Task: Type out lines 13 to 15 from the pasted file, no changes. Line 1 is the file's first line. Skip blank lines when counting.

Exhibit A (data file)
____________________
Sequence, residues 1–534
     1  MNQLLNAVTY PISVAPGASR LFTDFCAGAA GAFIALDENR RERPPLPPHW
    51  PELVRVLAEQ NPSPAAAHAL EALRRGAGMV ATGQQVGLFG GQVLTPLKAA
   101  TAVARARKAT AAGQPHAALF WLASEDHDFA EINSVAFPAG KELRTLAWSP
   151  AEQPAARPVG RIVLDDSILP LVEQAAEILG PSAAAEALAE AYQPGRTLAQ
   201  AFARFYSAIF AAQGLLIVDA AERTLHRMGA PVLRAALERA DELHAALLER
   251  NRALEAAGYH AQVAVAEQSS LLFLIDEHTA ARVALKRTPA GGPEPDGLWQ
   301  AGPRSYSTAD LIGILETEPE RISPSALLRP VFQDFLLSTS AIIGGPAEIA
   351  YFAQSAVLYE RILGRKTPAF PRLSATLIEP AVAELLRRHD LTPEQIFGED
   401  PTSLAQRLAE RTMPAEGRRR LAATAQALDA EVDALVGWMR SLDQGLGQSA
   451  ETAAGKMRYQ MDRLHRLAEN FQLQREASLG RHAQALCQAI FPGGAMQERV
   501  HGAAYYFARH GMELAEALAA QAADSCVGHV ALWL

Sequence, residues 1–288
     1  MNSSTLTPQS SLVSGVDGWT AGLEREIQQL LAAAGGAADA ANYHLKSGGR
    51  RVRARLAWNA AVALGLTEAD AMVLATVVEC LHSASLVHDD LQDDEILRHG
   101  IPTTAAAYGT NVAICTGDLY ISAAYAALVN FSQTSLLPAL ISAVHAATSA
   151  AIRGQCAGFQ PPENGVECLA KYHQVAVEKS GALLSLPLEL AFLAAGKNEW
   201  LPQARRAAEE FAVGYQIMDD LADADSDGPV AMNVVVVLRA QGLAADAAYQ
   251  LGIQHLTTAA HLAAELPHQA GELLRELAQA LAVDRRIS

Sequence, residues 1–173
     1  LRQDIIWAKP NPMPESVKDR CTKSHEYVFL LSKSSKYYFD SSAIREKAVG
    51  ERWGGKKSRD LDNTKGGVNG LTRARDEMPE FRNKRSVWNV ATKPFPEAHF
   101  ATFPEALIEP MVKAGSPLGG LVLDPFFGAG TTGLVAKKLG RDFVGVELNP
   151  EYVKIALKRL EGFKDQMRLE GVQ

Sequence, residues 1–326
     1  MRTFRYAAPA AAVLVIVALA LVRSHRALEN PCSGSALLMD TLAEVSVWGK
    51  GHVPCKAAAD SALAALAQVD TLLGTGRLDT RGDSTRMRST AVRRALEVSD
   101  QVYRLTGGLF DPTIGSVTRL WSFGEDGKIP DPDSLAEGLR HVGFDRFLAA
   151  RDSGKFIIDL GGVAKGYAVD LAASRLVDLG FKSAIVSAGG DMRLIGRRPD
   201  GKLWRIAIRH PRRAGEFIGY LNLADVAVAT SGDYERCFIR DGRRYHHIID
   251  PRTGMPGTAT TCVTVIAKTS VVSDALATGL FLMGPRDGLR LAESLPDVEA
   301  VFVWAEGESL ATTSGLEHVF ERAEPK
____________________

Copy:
Sequence, residues 1–288
     1  MNSSTLTPQS SLVSGVDGWT AGLEREIQQL LAAAGGAADA ANYHLKSGGR
    51  RVRARLAWNA AVALGLTEAD AMVLATVVEC LHSASLVHDD LQDDEILRHG